The government isn't giving women the freedom to uncover their faces, it's taking away their freedom to have them covered.
[Edited by Paradox, 3/28/2010 2:35:23 PM]
As for the whole idea of the impact of Islam on women. Islamic countries are known for poor treatment of women. Things like requiring a woman to be accompanied by a man at all times when out of the house would be considered kin to slavery here in North America. But those Muslims who live here do have a choice, if a woman wants to wear a Burka or a Hijab then that's her choice. But you have to draw the line somewhere, when crossing the border for example, do you want someone with no face entering your country? I know I don't in mine.
Well I wasn't referring to all Muslim women there may well be plenty who prefer to wear it.
However seeing as they have been covering their face from an early age the way they may become part of the way they have come to identify themselves. I think one of the key words you mentioned is "habit" which is what it is really.
Sooooo, if their religion calls for sexual intercourse with minors...would it be wrong to disallow that?
Or if their religion requires the ownership of slaves?
In a civil, secular society, we accept that some tenants of our particular religions are not conducive to the business of society and we give them up.
Muslims should be treated no differently than Mormons. We don't let Mormons practice polygamy, despite their religion requiring it. We don't allow fringe Christian groups or Santerians to conduct live animal sacrifices.
If head coverings are not conducive to the business of society, they should be given up.
Plus, if I have to remove my sunglasses when I show my ID, then a Muslim woman better damn well remove her veil.
[Edited by Dhampy, 3/28/2010 2:59:02 PM]
Exactly, baptized Sikhs are required to wear a dagger called a Kirpan. But when they board a plane they have to remove it, not because of discrimination but because in the end it is a weapon. Being part of a religion/culture does not mean someone isn't willing to abuse it.
A burka is the same situation. How do you know there isn't a terrorist with explosives strapped to him under there? Google it, it happens.
Public safety > religious freedom
@Elite, just because someone does somethign because they've always done it doesn't mean that's a detrimental to anyone.
Airport worker warned in scanner ogling claim
LONDON (Reuters) - A security worker at London's Heathrow Airport has received a police warning and faces disciplinary action over claims he ogled a female colleague using a full-body scanner, officials said on Wednesday.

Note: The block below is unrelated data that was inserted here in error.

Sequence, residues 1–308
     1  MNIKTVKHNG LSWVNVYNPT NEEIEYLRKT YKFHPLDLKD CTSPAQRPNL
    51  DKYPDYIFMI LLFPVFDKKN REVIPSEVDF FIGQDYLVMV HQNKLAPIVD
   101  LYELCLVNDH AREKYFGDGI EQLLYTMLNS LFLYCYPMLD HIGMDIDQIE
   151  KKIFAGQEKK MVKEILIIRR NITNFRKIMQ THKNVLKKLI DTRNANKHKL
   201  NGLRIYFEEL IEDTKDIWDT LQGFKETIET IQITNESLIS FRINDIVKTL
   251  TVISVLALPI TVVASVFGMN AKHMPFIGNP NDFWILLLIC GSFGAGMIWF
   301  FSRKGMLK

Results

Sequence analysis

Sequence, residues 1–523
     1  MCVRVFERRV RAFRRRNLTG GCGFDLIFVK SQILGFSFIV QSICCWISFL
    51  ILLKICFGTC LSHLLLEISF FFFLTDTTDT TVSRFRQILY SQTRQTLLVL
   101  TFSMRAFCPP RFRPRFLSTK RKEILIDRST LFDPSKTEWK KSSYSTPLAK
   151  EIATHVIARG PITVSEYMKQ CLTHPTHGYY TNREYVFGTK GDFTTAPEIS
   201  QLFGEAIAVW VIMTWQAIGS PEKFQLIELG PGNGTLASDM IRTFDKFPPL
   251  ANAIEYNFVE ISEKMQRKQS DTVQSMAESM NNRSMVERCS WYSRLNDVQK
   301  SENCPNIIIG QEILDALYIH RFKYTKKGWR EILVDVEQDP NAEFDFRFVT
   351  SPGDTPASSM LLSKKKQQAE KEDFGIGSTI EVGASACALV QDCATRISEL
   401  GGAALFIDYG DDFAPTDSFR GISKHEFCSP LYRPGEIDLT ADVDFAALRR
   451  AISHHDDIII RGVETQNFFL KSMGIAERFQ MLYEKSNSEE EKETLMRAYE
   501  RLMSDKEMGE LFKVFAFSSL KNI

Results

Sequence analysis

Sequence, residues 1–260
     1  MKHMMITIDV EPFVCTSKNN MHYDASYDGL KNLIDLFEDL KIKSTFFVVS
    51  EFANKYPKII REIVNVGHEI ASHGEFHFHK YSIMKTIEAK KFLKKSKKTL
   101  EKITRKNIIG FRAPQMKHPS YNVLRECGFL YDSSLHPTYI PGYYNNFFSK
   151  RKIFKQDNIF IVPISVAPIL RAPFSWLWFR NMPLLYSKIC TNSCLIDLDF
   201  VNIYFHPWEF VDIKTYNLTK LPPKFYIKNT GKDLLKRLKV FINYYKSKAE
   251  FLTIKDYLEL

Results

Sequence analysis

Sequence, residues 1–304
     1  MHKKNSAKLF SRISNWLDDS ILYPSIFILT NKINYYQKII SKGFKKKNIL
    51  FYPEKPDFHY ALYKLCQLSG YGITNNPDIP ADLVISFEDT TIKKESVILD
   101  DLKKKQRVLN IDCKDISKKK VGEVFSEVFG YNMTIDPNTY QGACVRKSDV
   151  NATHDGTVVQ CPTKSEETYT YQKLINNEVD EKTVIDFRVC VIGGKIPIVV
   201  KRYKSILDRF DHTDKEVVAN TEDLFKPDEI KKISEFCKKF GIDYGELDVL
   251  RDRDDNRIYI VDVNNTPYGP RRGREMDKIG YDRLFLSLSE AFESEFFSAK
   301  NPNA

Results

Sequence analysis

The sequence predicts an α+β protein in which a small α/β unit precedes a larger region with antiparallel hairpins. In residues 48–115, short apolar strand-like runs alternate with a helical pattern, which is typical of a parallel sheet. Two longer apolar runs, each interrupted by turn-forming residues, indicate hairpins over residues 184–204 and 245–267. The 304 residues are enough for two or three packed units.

The 25-year-old worker made lewd comments after his colleague Jo Margetson, 29, mistakenly strayed into the scanner, which can see through clothes to produce an image of the body, the Sun newspaper reported.
The case is believed to be the first of its kind since the full-body scanners were rushed into service at a number of British airports in the wake of an attempt by a suspected Muslim extremist to blow up a plane bound for Detroit on December 25.
They are now being rolled out at airports across the world.
Details of the incident at Heathrow's Terminal 5 on March 10 emerged on the day lawmakers said concerns that the scanners were intrusive had been overblown.
Margetson told the Sun she had been "traumatized" by what had happened and had informed police and her bosses at the airport's operator BAA.
"We treat any allegations of inappropriate behavior or misuse of security equipment very seriously and these claims are being investigated thoroughly," said a spokeswoman for BAA.
"If found to be substantiated, we will take appropriate action."
A Metropolitan Police spokesman said officers had been informed of the allegation and "a first instance harassment warning has been issued to a 25-year-old man."
Opponents of scanners have argued since their introduction that they risked breaching individuals' rights to privacy. Britain's Equality and Human Rights Commission has already said they might be breaking discrimination and privacy laws.
"For every official caught ogling like this, there are plenty more eyeing up law-abiding travelers," Alex Deane, director of the Big Brother Watch campaign group, told the Sun.
"These expensive machines are totally disproportionate."
The government says staff using the machines are properly supervised and would not be able to see the person being scanned. All images are deleted.
Britain's parliamentary Home Affairs Committee said fears about the scanners were misplaced and they should be introduced at a faster pace to deal with the threat of terrorism.
"The Committee is satisfied that the privacy concerns that have been expressed in relation to these devices are overstated and ... should not prevent the deployment of scanners," it said in a report.